However, I think you’ve cast the blanket title of “administrator” far too widely over thousands of your fellow community members who, while not “faculty,” do interact with and care for students every single day. I’m left with the question, where do “staff” fall in all of this? Generally, staff aren’t granted the respect of a “faculty” title, nor that of an “administrator” title.

    I fear that a statement like, “It’s our university,” could be the beginning of the undoing of the UC if staff and other constituents are left out of the picture. The university does not just belong to faculty and students. It belongs to grandparents, staff, high school students, kindergarten students, parents, volunteers, and numerous other constituencies… yes, even those administrators and regents.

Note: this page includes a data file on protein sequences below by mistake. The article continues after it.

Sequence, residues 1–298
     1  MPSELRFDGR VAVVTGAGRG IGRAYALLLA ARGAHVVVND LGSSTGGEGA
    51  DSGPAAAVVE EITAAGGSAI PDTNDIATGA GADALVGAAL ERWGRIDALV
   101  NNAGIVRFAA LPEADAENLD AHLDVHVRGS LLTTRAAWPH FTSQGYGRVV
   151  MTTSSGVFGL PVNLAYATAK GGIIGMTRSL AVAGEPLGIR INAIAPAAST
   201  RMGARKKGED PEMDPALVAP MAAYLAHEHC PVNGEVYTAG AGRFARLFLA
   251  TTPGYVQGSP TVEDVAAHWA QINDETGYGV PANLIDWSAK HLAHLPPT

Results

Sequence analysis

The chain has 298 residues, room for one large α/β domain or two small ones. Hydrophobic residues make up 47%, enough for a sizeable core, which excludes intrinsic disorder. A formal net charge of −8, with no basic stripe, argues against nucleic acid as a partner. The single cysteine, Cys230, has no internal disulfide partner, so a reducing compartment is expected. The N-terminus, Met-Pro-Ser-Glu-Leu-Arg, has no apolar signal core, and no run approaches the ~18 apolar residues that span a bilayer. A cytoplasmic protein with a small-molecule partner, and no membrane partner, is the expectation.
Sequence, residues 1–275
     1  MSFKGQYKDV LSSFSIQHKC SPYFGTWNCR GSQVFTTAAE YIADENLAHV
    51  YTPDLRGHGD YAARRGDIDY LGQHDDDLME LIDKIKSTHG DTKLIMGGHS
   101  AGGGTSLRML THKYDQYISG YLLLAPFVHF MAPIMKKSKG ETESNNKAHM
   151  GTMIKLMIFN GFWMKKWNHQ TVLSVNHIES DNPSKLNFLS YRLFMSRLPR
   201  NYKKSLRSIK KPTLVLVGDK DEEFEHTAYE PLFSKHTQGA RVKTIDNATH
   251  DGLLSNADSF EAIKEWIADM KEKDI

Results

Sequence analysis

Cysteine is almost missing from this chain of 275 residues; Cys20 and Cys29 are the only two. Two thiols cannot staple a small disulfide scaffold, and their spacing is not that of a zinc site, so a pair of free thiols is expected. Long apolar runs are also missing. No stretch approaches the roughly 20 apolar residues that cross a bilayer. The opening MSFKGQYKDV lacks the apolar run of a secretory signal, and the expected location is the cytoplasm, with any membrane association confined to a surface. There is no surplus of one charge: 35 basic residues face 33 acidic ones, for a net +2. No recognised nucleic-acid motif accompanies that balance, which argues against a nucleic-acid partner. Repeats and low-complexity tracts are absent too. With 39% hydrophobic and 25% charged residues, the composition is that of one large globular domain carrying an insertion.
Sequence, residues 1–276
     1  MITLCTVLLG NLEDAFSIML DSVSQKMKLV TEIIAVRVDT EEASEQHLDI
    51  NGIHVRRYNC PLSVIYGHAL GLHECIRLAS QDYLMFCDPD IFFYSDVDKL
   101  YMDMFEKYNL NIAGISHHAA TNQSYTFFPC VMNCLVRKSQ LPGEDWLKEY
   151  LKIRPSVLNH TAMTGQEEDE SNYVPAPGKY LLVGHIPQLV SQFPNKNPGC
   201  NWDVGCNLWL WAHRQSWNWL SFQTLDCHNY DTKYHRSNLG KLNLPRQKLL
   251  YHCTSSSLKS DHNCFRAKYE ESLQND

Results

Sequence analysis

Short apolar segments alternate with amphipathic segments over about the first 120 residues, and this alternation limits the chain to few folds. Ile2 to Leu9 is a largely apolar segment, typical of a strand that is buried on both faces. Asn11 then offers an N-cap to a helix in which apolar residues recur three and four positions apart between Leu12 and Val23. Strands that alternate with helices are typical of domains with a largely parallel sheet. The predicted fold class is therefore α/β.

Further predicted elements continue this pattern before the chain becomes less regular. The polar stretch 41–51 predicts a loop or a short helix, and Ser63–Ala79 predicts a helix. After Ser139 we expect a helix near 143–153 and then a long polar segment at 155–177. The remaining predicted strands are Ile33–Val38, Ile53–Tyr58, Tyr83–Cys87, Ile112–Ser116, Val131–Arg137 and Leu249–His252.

Leadership of the university should take into account the perspectives of the UC’s (the State of California’s) constituents. The solution is not simply to say, “out with administration,” but to ensure that the UC has a system of governance that can sanction or remove any officers who do not act in accord with the shared values of the organization. Faculty are at risk of becoming out of touch with our shared values when they move into administrator roles, just like administrators who are otherwise-prepared professionals.

    Thank you for reaching out to our community and our students. I know you intended it in a very constructive way and I can see what a difference your message has already made to students. I do sincerely appreciate your advocacy on behalf of students and I’m thrilled to be a part of this community with you.